Before Thanksgiving some school districts in Texas sent virtual learning materials home, just in case returning to the classroom for in-person learning wouldn’t happen due to COVID-19.
Here we look at what Texas school districts in five major cities are planning when it comes to returning on-campus or going remote after the holidays so far.
After Thanksgiving and after winter break, Robyn Harris, a spokesperson for Dallas ISD confirmed Monday, that the district will continue to offer both in-person and virtual learning models.
During a time of increased COVID-19 cases, some North Texas educators are concerned about returning to the classroom.
Before Thanksgiving break, ABC13 reported that Andrew Dewey, executive vice president of the Houston Federation of Teachers, said the teachers’ association has urged the district to move all schools to 100% virtual learning after the break.
The HISD district blog states that after Thanksgiving the district will resume normal school and business operations on Monday, Nov. 30.
The district will resume both virtual and in-person learning at this time.
The students in the Austin Independent School District will only have remote instruction for the week after Thanksgiving until Dec. 4.
Last Friday, Superintendent Stephanie S. Elizalde sent a letter to families in preparation for temporarily transitioning to remote-only instruction.
This week, the district will offer rapid testing this week for all on-campus students and staff.
Eddie Villa, communications specialist at Austin ISD said it is too soon to tell about what the district’s plans will be for students after winter break.
“We meet regularly with APH and Dr. Mark Escott to evaluate area cases and base our decisions off their guidance,” Villa confirmed.
San Antonio ISD
Laura Short, spokeswomen at San Antonio ISD provided a statement on Monday in regards to students returning from Thanksgiving,
“As we return from Thanksgiving break, San Antonio ISD is continuing our plan to have students learning both remotely and in-person. For those learning in-person, we will continue strictly enforcing the safety protocols we have in place, which include masking, handwashing, social distancing, increased building sanitation, plexiglass barriers, and most recently, COVID-19 testing.”
At this time, a response about the district’s plans for students returning to campus after winter break has not been received.
Other schools go remote.
Other schools in Texas are opting for 100% remote instruction between Thanksgiving and winter break.
Beaumont ISD announced a district transition to remote learning on November 30-December 4, following the Thanksgiving break. A letter to families states that students and staff will return to on-campus learning, December 7.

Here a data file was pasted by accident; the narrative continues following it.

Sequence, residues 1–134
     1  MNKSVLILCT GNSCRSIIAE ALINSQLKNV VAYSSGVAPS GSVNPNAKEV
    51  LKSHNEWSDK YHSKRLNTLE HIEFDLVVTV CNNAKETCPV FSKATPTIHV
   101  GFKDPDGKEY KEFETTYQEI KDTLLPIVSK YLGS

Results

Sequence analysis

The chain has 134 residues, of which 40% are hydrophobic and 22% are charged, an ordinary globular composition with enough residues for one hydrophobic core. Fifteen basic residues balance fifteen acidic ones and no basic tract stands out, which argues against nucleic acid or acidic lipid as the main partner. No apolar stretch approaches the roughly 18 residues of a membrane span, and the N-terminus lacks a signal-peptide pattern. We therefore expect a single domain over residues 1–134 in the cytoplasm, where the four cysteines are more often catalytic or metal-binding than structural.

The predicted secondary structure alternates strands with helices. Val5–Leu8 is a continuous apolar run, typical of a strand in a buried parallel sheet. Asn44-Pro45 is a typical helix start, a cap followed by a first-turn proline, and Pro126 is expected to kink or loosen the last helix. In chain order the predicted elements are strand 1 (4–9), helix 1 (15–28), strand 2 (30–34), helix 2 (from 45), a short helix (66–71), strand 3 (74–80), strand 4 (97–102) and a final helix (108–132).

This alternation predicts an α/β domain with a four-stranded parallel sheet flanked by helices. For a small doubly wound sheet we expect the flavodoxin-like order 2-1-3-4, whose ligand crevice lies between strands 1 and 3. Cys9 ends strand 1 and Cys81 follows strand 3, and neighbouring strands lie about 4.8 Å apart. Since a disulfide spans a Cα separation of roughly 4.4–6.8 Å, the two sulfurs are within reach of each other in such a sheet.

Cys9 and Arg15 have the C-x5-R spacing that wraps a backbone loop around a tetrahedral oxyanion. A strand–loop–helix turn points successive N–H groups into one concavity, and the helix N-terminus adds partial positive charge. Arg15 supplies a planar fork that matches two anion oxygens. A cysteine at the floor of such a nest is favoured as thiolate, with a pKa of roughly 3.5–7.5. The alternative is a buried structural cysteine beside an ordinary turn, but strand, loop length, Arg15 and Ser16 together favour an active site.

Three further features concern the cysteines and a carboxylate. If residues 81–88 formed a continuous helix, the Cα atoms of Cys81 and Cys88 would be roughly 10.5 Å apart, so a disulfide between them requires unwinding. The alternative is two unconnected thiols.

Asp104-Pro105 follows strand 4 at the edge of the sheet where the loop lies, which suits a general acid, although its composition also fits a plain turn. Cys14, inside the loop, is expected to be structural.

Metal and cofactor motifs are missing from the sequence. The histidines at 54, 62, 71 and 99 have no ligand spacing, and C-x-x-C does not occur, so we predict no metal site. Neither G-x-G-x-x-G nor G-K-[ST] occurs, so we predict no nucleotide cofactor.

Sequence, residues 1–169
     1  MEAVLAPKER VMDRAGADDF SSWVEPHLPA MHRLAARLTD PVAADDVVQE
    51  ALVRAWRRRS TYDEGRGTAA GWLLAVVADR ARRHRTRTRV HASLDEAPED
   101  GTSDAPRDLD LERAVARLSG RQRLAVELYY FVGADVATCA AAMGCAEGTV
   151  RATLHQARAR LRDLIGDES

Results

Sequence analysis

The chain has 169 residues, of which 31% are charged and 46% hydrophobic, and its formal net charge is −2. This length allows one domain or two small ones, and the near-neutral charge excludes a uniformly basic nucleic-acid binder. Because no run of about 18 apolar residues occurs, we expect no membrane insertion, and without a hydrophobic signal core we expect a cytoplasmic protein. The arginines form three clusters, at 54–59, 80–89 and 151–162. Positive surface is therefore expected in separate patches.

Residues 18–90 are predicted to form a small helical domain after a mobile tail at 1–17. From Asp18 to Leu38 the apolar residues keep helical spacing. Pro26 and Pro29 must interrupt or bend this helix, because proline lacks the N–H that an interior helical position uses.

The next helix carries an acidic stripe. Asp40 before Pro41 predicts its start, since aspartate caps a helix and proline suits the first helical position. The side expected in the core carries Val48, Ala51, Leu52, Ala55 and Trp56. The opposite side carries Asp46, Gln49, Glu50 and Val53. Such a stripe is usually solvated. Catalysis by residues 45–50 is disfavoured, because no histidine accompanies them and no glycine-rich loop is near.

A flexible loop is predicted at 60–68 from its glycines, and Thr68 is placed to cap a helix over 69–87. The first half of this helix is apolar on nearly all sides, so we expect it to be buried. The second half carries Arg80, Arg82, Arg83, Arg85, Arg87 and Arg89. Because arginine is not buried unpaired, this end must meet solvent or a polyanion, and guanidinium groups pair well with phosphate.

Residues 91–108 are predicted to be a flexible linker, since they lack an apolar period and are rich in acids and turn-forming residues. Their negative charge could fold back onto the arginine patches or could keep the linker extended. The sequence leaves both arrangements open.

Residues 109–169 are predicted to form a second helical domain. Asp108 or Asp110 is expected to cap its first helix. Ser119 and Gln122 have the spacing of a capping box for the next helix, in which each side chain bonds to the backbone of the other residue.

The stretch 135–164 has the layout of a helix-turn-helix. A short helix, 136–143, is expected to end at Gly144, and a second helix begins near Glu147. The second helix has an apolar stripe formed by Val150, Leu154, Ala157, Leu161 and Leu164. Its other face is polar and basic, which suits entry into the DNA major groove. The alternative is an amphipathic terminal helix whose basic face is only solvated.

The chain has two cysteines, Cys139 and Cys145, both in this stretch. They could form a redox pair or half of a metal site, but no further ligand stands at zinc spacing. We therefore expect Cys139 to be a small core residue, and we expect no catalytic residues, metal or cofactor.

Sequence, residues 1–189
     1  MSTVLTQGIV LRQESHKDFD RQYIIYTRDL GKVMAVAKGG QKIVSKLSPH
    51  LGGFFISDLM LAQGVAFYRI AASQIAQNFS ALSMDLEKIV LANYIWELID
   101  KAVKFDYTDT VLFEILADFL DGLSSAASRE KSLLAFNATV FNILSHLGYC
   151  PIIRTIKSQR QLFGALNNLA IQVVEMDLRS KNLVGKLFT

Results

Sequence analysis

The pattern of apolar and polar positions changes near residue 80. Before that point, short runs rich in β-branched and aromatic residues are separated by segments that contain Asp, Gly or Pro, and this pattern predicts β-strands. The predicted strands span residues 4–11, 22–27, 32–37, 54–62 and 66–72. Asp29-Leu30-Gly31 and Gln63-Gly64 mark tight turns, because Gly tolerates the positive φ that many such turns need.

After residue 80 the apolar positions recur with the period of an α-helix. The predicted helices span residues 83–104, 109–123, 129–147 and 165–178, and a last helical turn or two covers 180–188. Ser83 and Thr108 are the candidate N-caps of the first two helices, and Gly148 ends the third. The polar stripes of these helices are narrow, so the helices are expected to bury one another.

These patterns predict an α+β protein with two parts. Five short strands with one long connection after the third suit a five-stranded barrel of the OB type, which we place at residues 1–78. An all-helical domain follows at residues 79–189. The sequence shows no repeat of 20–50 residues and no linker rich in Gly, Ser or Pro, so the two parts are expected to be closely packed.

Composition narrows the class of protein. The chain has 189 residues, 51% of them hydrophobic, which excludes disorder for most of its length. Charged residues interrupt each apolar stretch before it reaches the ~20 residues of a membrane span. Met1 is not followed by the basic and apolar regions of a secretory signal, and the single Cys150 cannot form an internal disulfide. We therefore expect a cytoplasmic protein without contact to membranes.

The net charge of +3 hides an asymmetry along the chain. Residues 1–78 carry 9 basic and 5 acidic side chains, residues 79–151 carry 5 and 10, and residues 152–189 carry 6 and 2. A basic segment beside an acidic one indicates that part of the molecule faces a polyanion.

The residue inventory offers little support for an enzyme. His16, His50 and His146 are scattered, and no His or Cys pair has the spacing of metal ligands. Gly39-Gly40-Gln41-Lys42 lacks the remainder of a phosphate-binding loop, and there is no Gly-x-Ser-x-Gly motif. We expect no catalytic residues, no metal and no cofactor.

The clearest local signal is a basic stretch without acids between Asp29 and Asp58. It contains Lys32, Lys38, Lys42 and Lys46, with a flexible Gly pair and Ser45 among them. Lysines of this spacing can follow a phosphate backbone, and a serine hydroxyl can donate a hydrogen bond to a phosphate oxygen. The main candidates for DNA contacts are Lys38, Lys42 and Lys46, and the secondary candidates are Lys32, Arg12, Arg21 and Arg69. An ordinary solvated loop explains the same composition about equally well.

Two school districts in South Texas are also going remote for the first week after Thanksgiving and returning on the 7th.
How does virtual learning affect school funding?
School districts are funded based on attendance and enrollment, the updated guidance from the Texas Education Agency warns school leaders that districts opting for a 100% remote learning environment during the 2020-2021 school year without documented coronavirus cases will face funding reduced by half.
The TEA guidance states 75,600 operational minutes are required during the pandemic, and districts opting for full remote learning means adding calendar days to count toward the minutes.
KXAN reported at Austin ISD, school days will be extended by 30 seconds beginning Jan. 5 to cover the remaining balance of instructional time.
The TEA’s updated guidance states that students who contract the coronavirus would be permitted 14 days of remote learning. If instructional staff at a school campus is impacted due to coronavirus cases or outbreaks, the agency has extended remote instructional learning to 14 days, with a campus access restriction to allow for an “incubation period.”
When it comes to re-opening, the guidance states, “a closure period does not end until the campus has reopened for oncampus instruction for at least one instructional day.”
Campuses that are using in-person learning must submit a request to TEA if they want to restrict access to campus due to confirmed COVID-19 cases.
The choice for remote.
Teacher groups believe the state should require all school districts to offer the virtual learning option for the remainder of the school year.
“If students and their families traveled over the holiday break or entertained guests or went shopping in stores or went to the movies, they probably should stick to virtual learning for at least the next two weeks as a precaution,” Clay Robison, spokesperson for the Texas State Teachers Association said on Monday.
Robison said that many of the group’s members are very concerned about having to teach from the classroom. “Teachers, as well as students, should have the option of remote learning, and the state and school districts should make a greater effort to accommodate these teachers,” Robison added.
Here’s more on Texas school districts resuming virtual and in-person learning.